3. Pathogen Resistance

Think of our gut bacteria as one of our protective mechanisms. It will protect us from pathogens and toxins.

4. Protection Against Any Epithelial Injury

It protects against infections, just like it does with toxins and pathogens.

5. Bone Density Modulation

The gut bacteria can influence our bone density.

6. Promotion of Fat Storage

The gut bacteria can influence the hormones that store fat. Additionally, the Standard American Diet (SAD), that is, the western diet, is influencing gut bacteria, which has been linked to obesity.

7. Immune System Stimulation

Seventy percent of our immune system lies within our gut. So when we have optimal gut bacteria, this gut bacteria is influencing how our immune system responds to foreign invaders, toxins, and pathogens that they might be exposed to.

8. Promotion of Angiogenesis

When we have more blood vessels in the gut, this can be very powerful for future advances in treatments for gut infections.

9. Biosynthesis of Vitamins and Amino Acids

Water-soluble vitamins are plentiful in the diet, but also can be synthesized by the gut.

10. Metabolism of Therapeutics

This is ultimately how we process our medications and supplements. So keep in mind, that if you are planning to take things, you have to make sure that your gut is optimized so that you can metabolize these appropriately.

Now that you know the functions of gut bacteria, you know how important it is to optimize it. You can do that through numerous things, and you can see some other videos for different suggestions to optimize your gut health. But, we do want to think about everything from prebiotics, the fiber that the probiotics feed on, probiotics whether that’s through fermented food or supplementation, and then, of course, stress management, a high-fiber diet with 25 to 35 grams a day, drinking plenty of water, eating a whole, natural food diet to ensure that you are optimizing the diversity of your gut—that is one of the key things that your gut loves, diversity.

Reach out for a 15-minute FREE discovery session to see how we can help you on your journey.

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IS YOUR GUT PREVENTING YOUR WEIGHT LOSS?

Did you wonder how your gut and your gut bacteria can be impacting your weight loss? Research proves time and time again that the Standard American Diet (SAD diet) is something that promotes inflammation in our gut and changes the colonization of our gut bacteria and gut flora over time. Even as simple as one energy-rich meal such as a Big Mac and French fries can release lipopolysaccharides, an endotoxin, into the bloodstream, contributing to this immune response.

The second thing that we know for sure is that when you are in an inflamed state, your hormonal, lymphatic, and GI system will be greatly impacted. Therefore, it will affect your ability to lose weight.

In essence, you have to optimize gut health, balance the bacteria, and feed the gut good bugs, what it needs and craves, which is not the Standard American Diet. I’d like to go over five key things that you want to think about for optimizing your gut health so that you can lose weight.

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1) Decreasing Omega-6’s and Increasing Omega-3’s

Omega-6 fatty acids are a type of polyunsaturated fat found in vegetable oil, canola oil, and palm oil commonly found in packaged and processed foods. Even healthy food can contain these ingredients. These omega 6’s can impact your overall health and contribute to inflammation, therefore your gut. Not only do you want to decrease your omega 6’s, but you also want to increase your omega 3’s. Think of your fatty fishes, walnuts, and flaxseed. All of these can be beneficial and working on increasing these healthy fats will have a positive effect on your gut flora. Make sure to prioritize getting healthy fat with every meal.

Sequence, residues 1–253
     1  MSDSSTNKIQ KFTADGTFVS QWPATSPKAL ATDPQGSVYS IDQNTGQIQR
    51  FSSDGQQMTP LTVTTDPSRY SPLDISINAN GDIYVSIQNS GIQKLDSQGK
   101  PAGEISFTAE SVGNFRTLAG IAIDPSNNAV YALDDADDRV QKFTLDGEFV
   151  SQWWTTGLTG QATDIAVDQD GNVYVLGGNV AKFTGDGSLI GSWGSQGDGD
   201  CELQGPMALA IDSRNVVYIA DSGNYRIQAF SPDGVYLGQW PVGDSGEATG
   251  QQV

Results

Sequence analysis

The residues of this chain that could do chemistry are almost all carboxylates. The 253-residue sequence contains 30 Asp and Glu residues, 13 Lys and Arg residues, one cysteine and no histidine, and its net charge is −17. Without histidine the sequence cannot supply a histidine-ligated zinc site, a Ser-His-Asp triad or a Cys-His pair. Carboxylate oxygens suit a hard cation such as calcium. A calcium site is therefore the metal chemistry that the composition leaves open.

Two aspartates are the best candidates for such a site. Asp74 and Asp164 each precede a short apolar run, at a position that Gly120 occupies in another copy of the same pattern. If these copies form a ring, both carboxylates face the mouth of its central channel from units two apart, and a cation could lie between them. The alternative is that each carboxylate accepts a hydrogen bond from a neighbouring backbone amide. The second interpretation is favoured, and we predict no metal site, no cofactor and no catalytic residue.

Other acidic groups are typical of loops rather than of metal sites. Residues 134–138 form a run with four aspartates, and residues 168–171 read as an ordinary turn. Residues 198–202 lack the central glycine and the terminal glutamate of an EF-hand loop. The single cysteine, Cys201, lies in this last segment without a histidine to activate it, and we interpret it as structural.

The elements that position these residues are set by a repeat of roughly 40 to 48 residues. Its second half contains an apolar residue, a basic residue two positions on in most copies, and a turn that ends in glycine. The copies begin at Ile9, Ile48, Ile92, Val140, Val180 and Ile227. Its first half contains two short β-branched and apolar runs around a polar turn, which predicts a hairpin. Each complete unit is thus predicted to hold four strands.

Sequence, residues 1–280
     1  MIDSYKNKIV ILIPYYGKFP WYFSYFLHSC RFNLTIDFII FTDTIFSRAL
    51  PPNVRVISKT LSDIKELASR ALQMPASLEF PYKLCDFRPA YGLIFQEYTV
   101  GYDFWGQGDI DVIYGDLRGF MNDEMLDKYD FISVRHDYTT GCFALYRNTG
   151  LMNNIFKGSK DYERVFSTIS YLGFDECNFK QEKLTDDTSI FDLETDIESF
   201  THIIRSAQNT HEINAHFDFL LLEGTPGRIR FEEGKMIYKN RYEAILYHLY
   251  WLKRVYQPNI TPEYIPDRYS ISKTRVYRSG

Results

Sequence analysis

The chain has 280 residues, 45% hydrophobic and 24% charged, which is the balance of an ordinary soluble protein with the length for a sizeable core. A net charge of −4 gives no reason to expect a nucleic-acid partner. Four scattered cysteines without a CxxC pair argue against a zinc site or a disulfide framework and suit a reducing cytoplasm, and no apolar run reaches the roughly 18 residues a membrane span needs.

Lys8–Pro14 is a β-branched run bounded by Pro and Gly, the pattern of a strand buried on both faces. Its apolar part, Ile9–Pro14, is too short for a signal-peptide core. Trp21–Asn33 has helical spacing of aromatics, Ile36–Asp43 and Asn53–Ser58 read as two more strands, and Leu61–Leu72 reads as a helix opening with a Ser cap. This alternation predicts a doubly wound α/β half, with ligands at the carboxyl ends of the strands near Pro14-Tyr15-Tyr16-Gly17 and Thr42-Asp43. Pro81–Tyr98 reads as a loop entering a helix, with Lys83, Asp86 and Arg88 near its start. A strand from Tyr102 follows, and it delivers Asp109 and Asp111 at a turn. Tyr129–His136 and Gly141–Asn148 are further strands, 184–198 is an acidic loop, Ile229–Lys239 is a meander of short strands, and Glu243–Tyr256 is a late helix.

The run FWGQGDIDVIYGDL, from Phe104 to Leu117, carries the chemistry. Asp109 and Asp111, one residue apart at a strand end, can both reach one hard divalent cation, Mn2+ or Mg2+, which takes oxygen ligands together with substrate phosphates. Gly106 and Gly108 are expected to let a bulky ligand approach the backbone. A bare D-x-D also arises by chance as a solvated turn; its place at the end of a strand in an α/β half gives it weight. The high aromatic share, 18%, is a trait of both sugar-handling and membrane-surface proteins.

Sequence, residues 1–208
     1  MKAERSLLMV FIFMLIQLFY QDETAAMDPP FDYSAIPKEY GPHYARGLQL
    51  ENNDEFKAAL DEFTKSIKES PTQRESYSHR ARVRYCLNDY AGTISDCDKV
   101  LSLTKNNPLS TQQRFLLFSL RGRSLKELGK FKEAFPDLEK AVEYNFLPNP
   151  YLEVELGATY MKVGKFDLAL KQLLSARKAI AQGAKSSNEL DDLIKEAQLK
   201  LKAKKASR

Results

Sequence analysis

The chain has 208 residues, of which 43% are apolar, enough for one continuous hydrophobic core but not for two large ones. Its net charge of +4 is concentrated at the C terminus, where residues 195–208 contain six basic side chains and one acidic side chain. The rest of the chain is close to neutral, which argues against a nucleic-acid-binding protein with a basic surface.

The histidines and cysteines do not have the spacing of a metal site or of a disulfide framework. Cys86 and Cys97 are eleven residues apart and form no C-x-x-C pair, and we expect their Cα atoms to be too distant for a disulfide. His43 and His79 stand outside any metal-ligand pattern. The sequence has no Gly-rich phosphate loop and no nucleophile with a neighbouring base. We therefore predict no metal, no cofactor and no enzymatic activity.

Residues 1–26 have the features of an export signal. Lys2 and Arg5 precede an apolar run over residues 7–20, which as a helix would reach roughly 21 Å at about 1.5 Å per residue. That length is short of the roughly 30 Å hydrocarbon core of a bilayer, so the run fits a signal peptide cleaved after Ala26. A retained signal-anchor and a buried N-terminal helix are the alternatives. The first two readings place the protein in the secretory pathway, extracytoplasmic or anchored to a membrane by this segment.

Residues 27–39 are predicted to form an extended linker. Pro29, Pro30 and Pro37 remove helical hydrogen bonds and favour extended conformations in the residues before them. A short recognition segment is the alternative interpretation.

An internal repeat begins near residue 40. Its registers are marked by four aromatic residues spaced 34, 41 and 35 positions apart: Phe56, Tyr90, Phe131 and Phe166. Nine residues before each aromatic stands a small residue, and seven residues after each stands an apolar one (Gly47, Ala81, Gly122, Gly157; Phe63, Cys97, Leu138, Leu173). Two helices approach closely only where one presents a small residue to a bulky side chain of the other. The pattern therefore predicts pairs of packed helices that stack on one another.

2) Include Fiber

You want to consume 25 to 35 grams of fiber per day.  Most Americans fall short of this. If you are eating a high plant-based diet, and you’re getting some grains, seeds, and nuts in; you should be well on your way to getting the appropriate amount of fiber.  If you’re not, then supplementation would be advised.  Think of your fiber as your prebiotics. In order for us to have the positive effect of the beneficial bacteria of probiotics, they have to feed on the prebiotics.

3) Include Fermented Foods

That could be fermented sauerkraut, kimchi, or kefir. You do want to make sure that they contain active live cultures that have beneficial probiotic. If you are not consuming fermented foods regularly, you could consider supplementation to ensure you’re populating your gut with good bacteria.

If you already have existing gut issues, consult with a functional medicine practitioner to ensure you are taking the right one at the right time.

4) Eat More Plants

You want to make sure you have 60-70% of your plate coming from plants. This does not mean to exclude your healthy lean proteins, it just means eat more plants. Fill your plate with a variety of colors because this is exactly what the gut feeds on. This is what it wants and craves. Make sure that you are eating enough variety, because the more diversity in your foods that you have, the better your microbiome diversity will be.

5) Reduce Stress

Stress is one of the biggest drivers for gut bacteria changes. Not only is it well known that it causes inflammation in the body, but it is impacting the gut flora. Even just the thoughts that you have can impact your gut bacteria. Begin to identify what stressors you have and how can you manage stress in your life. You’re not going to get rid of stress, but how can you become more mindful and grounded? How can you respond with clarity and creativity? Use different techniques to be able to cultivate this in your life, so that you can manage the stressors that come your way.

So there you have it, five different ways that you can begin to influence your gut bacteria, microbiome, and 70% of your immune system in order to optimize weight loss. If you’re a person that has been dealing with weight gain, and you recognize that there are some gut issues, start here! It is imperative to have optimal gut health for everything else in your body to function well.

If you need help on your journey, please reach out!

For more content, make sure to subscribe to my YouTube channel here.